My Thoughts:

*WARNING : contains mild spoilers*

I’m not sure what drew me to request We Thought We Knew You to read, other than it’s been a while since I’ve read a straight true crime focusing on a single case, and the author, M. William Phelps, has been recommended to me previously. Until I read the synopsis, I had never heard of this particular case and knew nothing of the details, or the outcome.

In July of 2015 Mary Yoder, a beloved wife, mother, grandmother, and successful chiropractor in the state of New York, was rushed to hospital after experiencing the sudden onset of severe stomach pains, nausea and breathing difficulties. Despite all attempts to treat her symptoms, Mary’s condition continued to deteriorate, and less than twenty-four hours after falling ill, she was dead. Stunned, her family requested an autopsy be performed, and were shocked to soon learn not only was Mary poisoned by a deadly toxin, Colchicine, but there is suspicion it was deliberately administered.

Drawing on personal interviews, legal documents, and public records, award winning investigative journalist, author, and media presenter William M. Phelps presents a coherent and concise exploration of the life of Mary Yoder, the investigation into her death, and the subsequent trial that saw a young woman, the on-and-off-again girlfriend of Mary’s son and office manager of the family Chiropractor practice, convicted of manslaughter.

I found this to a very readable account of a tragic crime. I appreciate that Phelps does his best to ensure that Mary, by all accounts a warm, vivacious, intelligent and caring lady, is not merely a victim, but a person whose life was as important as her manner of death. He provides adequate context to the crime, exploring the backgrounds of, and relationships between, those intimately involved. The process of the police investigation is clearly laid out, giving insight into how the police gathered evidence and narrowed in on their suspect. The court cases are related in summary, so as not to get bogged down in jargon and detail.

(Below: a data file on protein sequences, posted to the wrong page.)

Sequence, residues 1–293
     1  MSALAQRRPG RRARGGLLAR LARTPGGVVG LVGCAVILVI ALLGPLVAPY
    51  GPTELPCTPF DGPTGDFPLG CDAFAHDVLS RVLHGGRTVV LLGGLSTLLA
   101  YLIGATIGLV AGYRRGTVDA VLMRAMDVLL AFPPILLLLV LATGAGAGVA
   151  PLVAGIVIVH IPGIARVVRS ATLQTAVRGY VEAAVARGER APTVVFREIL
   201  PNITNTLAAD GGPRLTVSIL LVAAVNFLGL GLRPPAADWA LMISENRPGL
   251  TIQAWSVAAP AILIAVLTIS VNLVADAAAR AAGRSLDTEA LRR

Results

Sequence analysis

I’m not sure at which point Phelps became convinced of the accused’s guilt, whether it was before or during his investigation into the case but there is a lack of objectivity here that bothered me somewhat. It’s not that I disagree with his conclusions, the evidence presented, presuming it’s accuracy, leaves me in no doubt that Kaitlyn Conley intended to cause the death of Mary Yoder, and frame Adam Yoder, Mary’s son and Katie’s ex-boyfriend, for her murder in what I conclude was a twisted plan of revenge for rejecting her, but that the bias is inescapably pervasive from the first. I would have preferred that Phelps had been able to gain an interview with someone from the defence, though he states all such requests were refused. While he does discuss the rebuttals given by Conley’s supporters, there is an uncomfortable imbalance in what he is able to present.

We Thought We Knew You is a sad tale of a toxic relationship, obsession, betrayal, and murder. Mary Yoder died horribly, a victim of intentional poisoning, yet simply a pawn in a quest for revenge by a remorseless killer. As of this month (December 2020), Conley has launched an appeal against her conviction.


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Review: Sunshine by Samantha C. Ross

Title: Sunshine: The Diary of a Lapdancer

Author: Samantha C. Ross

Published: 1st December 2020, Allen & Unwin

Status: Read December 2020 courtesy Allen & Unwin


My Thoughts:

Spanning a period of about a year, Samantha C. Ross invites the reader to share her experiences as she gyrates, stumbles, and skips her way between ‘Gentleman’s’ clubs in several Australian states (with a quick, scary jaunt to Japan), in Sunshine: The Diary of a Lapdancer.